The Terror of Great Novels
Should we be afraid of them or not?
Society, almost by definition, loves simplicity. We’re fond of commodities tailored exactly to our needs and innermost desires. We adore the clear-cut and unambiguously delineated demarcation lines between the agendas of political parties. We have a weak spot, if not two of those, for succinct and, above all, lucid advertising slogans that leave no doubt as to the purpose of a given product or its intended target audience. And there’s nothing more infuriating to most of us than the blurry and imprecise boundaries between concepts as well as the vague descriptions of goods that leave us bewildered, floundering, and, what’s worse, needlessly consume our precious time by forcing us to decipher the message that the author strived to convey, that now lies dormant somewhere in them, and that should have been obvious and perfectly explicit from the very beginning.
That’s most probably why we like to think of authors in terms of a single great novel that we immediately associate with their names.
That’s most probably why we like to think of authors in terms of a single great novel that we immediately associate with their names. Thus, the so-called literary one-hit wonders ideally meet our requirements for simplicity and intellectual brevity: J. D. Salinger equals The Catcher in the Rye; Harper Lee means, to most readers, nothing more, nothing less than To Kill a Mockingbird; and, from the dominating point of view, Oscar Wilde is the author of only one work of fiction: The Picture of Dorian Gray.
Things become a bit more complicated when it comes to writers who penned more noteworthy works than a single novel, but which have unfortunately been obscured by one indisputable masterpiece: Fahrenheit 451 is, by far, a more recognizable title to a casual reader than other sci-fi yarns that came out of the prophetic typewriter of Ray Bradbury; A Clockwork Orange beats in terms of popularity and renown the rest of Anthony Burgess’ oeuvre; and, no matter how many times you may have read it, All the King’s Men unquestionably stands out from the other texts authored by Robert Penn Warren.
When we finally get this issue out of the way, here comes another one: What should we do with those who had never produced a single literary marvel, an ultimate and seminal belletristic gem, but rather whose entire artistic output should be treated and thought of as one spectacular achievement? What about the prolific likes of Émile Zola and Balzac whose works ought to be read and appreciated and analyzed en bloc rather than separately?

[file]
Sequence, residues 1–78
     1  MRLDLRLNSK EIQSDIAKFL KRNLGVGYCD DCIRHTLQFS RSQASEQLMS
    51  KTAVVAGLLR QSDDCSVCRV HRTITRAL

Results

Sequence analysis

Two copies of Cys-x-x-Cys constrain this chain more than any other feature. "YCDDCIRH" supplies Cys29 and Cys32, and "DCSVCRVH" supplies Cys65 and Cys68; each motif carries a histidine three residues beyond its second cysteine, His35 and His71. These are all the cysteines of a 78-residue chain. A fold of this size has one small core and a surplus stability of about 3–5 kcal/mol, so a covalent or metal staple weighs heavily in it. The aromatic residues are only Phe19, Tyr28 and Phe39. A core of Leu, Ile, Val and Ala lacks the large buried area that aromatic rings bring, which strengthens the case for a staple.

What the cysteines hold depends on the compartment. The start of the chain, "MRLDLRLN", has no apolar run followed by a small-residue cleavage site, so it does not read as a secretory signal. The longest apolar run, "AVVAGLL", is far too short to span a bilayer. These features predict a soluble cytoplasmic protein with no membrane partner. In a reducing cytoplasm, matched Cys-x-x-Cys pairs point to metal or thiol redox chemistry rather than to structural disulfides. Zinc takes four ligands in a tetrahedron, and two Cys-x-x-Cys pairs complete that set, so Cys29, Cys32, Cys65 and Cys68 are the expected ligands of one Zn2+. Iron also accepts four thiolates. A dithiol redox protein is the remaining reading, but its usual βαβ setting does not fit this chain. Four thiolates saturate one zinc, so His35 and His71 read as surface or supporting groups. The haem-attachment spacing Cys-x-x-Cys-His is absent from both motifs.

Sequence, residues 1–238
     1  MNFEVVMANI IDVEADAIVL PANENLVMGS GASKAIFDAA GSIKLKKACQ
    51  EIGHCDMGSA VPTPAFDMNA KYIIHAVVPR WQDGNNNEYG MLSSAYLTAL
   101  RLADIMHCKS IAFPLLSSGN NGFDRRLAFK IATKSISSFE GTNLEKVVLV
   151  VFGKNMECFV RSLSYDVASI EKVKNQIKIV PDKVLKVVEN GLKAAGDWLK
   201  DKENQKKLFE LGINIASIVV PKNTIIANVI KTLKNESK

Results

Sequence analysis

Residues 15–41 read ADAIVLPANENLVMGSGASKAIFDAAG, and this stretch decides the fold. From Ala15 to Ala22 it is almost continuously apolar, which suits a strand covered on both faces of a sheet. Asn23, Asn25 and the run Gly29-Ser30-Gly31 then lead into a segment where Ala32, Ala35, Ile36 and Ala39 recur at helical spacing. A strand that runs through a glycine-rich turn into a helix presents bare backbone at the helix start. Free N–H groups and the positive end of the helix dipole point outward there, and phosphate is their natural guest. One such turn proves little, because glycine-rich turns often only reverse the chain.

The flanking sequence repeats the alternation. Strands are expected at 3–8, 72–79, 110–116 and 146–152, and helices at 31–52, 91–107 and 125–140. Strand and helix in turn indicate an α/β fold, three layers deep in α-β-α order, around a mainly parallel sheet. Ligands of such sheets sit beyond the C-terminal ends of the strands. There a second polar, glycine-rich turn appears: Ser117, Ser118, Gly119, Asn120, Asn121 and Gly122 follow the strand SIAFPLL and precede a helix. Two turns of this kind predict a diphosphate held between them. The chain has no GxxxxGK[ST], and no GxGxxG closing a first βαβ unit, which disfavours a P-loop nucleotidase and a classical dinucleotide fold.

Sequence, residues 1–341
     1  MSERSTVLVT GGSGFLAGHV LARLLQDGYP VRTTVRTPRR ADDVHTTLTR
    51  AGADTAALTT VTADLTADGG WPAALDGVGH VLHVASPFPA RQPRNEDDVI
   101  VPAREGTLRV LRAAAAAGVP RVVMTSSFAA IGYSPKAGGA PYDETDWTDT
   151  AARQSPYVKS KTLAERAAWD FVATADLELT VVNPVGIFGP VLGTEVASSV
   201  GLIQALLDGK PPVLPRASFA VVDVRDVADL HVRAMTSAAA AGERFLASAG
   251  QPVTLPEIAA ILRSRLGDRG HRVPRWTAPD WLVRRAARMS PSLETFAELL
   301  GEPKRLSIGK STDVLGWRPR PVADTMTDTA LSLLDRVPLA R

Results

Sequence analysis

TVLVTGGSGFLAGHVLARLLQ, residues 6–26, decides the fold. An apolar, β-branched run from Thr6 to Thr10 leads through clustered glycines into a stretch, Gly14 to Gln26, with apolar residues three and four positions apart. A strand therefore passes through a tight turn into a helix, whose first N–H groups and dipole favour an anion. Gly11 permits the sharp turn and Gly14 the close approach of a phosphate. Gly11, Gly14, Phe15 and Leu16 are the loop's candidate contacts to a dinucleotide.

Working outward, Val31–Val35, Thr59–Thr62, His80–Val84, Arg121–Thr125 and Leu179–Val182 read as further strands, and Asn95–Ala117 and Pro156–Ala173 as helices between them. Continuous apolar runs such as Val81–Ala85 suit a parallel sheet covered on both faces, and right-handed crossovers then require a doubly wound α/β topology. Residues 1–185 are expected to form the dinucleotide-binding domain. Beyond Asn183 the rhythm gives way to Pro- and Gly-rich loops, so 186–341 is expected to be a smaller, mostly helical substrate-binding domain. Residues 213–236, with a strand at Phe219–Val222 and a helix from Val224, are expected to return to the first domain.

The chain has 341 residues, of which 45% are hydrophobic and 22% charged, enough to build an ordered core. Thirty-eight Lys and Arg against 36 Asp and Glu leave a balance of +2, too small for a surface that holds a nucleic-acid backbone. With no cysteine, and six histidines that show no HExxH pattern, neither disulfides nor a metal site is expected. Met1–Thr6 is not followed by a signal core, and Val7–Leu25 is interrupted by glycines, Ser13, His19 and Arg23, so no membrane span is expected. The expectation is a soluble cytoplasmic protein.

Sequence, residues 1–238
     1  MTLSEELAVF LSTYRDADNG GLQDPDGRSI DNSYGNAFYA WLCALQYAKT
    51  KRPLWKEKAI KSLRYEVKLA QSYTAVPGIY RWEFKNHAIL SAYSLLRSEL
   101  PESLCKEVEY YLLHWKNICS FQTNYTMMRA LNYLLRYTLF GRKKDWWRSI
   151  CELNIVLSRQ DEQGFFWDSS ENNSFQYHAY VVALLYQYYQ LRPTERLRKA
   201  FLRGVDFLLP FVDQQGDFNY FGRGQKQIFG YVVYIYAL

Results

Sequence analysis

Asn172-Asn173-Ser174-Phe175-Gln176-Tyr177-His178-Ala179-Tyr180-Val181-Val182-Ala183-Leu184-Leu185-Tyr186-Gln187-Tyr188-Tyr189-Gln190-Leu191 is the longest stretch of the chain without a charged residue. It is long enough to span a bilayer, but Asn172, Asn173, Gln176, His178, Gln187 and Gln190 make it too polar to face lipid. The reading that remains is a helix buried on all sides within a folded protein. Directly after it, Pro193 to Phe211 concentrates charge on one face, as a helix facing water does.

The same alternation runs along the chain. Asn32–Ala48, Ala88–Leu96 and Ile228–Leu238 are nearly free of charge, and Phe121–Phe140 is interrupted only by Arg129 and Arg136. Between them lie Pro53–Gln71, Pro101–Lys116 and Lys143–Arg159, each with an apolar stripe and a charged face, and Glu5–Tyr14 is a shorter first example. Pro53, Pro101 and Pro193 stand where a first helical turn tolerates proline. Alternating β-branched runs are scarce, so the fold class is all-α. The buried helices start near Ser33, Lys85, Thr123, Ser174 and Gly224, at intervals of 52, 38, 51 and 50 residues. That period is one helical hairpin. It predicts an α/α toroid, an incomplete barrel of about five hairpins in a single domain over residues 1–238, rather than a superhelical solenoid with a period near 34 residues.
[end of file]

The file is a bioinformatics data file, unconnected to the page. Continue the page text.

And — to muddy the ink-stained waters a bit more — what about the authors who had more than one unquestioned magnum opus under their bookish belts? What about such illustrious names as Virginia Woolf, William Faulkner, or Henry James, the sheer breadth and scope of whose literary achievements incessantly spark passionate debates among their readers and scholars hoping to establish which one of their texts should be hailed as the best one and lauded as the full-fledged representative of the particular author’s entire body of work?
Why does one great book, one spectacular achievement, have to eclipse a lifetime of dedication to, and passion for, writing?
Because, which one is better, more profound, and more relevant to the progress of literature, Faulkner’s The Sound and the Fury, Absalom, Absalom!, or, perhaps, As I Lay Dying? Each one of them has as many loyal supporters and stalwart defenders ready to champion it till their last literary breath as the next one on the list. What about Lolita, Pale Fire, and Ada, or Ardor? In which one of them the zany imported genius of Vladimir Nabokov manifested itself to the fullest extent possible? The same can be said about Toni Morrison’s Beloved and Song of Solomon; it’s insanely hard to judge which one of them should be studied and taught about the most.